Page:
Hearing

Navigating the Genome to Cure Deafness

A new Tel Aviv University study solves a critical piece of the puzzle of human deafness by identifying the first group of long non-coding RNAs (lncRNAs) in the auditory system. "The research on long non-coding RNAs is crucial to understanding how gene expression and regulatory elements influence the auditory system," says Prof. Karen Avraham, Vice

November 11th, 2017|Categories: Disease Specific, Hearing|Tags: , |

New technique generates high volume of sensory cells needed for hearing

FEBRUARY 21, 2017 A two-step process of multiplying stem cells found in the inner ear and converting them to hair cells may restore hearing lost to age, noise damage and other factors.Media Contact: Suzanne Day Media Relations Manager, Mass. Eye and Ear 617-573-3897 Boston, Mass. — The loss of tiny, sound-sensing cells in the inner ear, known as “hair

February 21st, 2017|Categories: Hearing|Tags: , , , |

Researchers launch first clinical trial for Wolfram syndrome

Many people with rare genetic disease die prematurely by Jim Dryden•November 10, 2016 The drug dantrolene is a muscle relaxant approved to treat patients with cerebral palsy, multiple sclerosis and muscle spasticity. Recent research also suggests it can prevent the destruction of insulin-secreting beta cells in animal models of Wolfram syndrome. Researchers at Washington University

Stem Cell Discovery Might Lead to Fix for Gene Mutation Behind Hereditary Hearing Loss

A new study in STEM CELLS Translational Medicine offers people with genetic hearing loss the promise of a new therapy that just might outperform artificial cochlear implants.  DURHAM, NC (PRWEB) MARCH 31, 2016 A new study in STEM CELLS Translational Medicine offers people with genetic hearing loss the promise of a new therapy that just

Army Tests Hearing Drug at the Rifle Range

(The Wall Street Journal via NewsPoints Desk) (Ref: The Wall Street Journal) August 21st, 2015 The Wall Street Journal reported that a trial being conducted in collaboration with the US military is testing an experimental drug that might prevent noise-induced hearing loss. The compound, a liquid form of d-methionine, was developed into a drug by

Orchestrating hair cell regeneration: a supporting player’s close-up

Jul 16 2015 KANSAS CITY, MO—The older we get, the less likely we are to hear well, as our inner ear sensory hair cells succumb to age or injury. Intriguingly, humans are one-upped by fish here. Similar hair cells in a fish sensory system that dots their bodies and forms the lateral line, by which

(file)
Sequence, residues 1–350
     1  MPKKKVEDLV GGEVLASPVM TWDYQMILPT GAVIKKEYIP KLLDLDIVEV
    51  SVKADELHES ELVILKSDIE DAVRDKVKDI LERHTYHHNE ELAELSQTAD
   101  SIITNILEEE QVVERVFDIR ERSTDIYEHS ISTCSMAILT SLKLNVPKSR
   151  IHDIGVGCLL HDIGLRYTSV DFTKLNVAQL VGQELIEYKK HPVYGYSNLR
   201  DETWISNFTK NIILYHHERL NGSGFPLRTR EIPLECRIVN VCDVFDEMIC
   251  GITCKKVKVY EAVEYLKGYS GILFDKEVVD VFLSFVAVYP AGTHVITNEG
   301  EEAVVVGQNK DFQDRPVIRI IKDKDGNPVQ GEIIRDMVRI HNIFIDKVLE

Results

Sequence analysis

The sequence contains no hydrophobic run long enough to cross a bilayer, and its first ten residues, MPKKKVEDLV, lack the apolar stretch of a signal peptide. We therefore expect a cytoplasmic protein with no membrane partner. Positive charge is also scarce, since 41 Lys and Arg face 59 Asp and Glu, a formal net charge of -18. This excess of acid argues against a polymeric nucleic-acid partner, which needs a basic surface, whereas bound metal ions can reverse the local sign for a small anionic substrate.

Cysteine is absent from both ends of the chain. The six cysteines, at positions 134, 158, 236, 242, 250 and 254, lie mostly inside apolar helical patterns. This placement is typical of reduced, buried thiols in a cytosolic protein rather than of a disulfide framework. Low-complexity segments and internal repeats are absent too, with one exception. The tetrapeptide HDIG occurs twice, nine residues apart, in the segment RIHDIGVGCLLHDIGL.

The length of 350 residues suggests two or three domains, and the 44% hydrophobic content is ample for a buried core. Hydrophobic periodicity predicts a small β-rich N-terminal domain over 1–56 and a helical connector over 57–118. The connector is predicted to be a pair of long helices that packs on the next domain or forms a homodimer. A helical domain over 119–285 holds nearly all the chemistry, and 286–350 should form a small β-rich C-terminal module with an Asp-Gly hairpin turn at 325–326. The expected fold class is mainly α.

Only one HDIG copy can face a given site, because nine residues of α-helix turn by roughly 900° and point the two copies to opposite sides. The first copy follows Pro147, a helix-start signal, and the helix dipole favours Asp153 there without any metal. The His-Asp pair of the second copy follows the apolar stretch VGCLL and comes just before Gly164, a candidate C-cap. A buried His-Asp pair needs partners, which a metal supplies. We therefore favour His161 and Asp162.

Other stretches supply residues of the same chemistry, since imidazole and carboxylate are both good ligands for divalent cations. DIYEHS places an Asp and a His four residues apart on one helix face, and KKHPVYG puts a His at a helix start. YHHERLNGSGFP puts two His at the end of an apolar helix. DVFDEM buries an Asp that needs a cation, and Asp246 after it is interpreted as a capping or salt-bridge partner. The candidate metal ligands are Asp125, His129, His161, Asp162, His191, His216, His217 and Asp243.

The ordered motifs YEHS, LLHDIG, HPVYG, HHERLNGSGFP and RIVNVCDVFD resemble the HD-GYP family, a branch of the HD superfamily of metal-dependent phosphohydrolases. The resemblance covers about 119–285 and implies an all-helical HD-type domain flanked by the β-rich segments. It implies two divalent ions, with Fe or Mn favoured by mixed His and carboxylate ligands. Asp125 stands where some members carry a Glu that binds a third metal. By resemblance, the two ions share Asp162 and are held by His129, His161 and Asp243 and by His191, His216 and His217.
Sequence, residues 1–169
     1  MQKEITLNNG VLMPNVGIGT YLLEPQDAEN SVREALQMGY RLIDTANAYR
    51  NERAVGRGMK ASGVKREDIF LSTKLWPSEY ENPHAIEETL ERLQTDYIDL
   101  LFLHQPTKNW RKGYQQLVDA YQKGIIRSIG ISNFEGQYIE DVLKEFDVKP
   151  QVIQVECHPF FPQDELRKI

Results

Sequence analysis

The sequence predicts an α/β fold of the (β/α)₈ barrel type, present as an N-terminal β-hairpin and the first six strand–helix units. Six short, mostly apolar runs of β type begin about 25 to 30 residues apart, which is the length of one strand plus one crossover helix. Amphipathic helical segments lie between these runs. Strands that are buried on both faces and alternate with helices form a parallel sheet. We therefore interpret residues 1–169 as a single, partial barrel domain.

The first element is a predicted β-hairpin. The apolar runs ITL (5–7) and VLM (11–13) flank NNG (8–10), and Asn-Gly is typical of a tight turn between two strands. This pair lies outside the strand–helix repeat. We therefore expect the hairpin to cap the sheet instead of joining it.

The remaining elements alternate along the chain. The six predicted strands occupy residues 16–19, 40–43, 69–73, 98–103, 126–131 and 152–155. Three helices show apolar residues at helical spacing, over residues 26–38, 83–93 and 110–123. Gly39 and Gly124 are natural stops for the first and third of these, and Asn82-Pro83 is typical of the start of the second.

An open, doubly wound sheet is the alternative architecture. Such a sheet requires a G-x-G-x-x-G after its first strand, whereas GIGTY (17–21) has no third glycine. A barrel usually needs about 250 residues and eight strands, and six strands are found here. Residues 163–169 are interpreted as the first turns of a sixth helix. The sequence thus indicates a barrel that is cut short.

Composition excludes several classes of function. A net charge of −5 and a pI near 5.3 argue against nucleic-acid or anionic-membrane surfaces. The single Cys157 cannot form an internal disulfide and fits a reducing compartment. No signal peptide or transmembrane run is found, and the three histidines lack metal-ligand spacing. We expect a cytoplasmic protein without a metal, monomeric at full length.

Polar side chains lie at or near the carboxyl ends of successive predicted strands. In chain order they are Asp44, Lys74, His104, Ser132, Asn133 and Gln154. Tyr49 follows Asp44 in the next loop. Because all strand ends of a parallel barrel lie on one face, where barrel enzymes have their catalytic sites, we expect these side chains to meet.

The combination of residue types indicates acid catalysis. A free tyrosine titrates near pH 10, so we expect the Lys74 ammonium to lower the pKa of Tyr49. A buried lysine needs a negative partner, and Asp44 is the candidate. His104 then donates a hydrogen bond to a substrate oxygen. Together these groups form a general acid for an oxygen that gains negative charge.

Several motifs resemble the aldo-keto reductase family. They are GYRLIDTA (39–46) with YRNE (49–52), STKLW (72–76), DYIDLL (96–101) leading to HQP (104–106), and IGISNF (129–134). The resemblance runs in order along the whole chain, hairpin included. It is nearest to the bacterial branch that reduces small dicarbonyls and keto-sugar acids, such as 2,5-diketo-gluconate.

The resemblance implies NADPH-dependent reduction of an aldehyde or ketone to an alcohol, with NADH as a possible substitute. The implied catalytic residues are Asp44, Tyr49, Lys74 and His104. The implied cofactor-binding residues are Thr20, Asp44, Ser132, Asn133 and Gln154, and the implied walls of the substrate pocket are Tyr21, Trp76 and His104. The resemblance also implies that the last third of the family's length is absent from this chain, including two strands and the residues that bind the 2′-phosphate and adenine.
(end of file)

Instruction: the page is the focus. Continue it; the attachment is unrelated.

OHSU scientists unlock first critical step toward gene therapy treatment for patients with mitochondrial disease

07/15/15  Portland, Ore. Gene-based cures for human diseases are now on the horizon A study led by Shoukhrat Mitalipov, Ph.D., and Hong Ma, M.D., Ph.D., at the Center for Embryonic Cell and Gene Therapy at Oregon Health & Science University and the Oregon National Primate Research Center has revealed the first critical step in developing novel

New findings hint toward reversing hearing loss

July 15, 2015 By Julia Evangelou Strait SUNG-HO HUH PHOTO A normal mouse cochlea shows a characteristic spiral shape. Unlike birds and amphibians, mammals can’t recover lost hearing. In people, the cells of the inner ear responsible for detecting sound and transmitting those signals to the brain form during early stages of development and can’t

Found: A Likely New Contributor to Age-Related Hearing Loss

New nerve cell connections on sensory cells in mice could be at fault July 13, 2015 FAST FACTS: Hair cells in the inner ear “sense” sound waves and convert them to electrical signals sent via outgoing nerve cells to the brain. With aging, some hair cells die, contributing to hearing loss. New connections between certain

Is Boston Children’s Hospital on its way to curing genetic deafness?

Jul 8, 2015, 1:08pm EDT Jessica Bartlett Boston Business Journal COURTESY/ POCKAFWYE VIA CREATIVE COMMONS ​Researchers used gene therapy to restore hearing in mice with a genetic form of… more Researchers at Boston Children’s Hospital and Harvard Medical School have used gene therapy to restore hearing in mice with a genetic form of deafness. The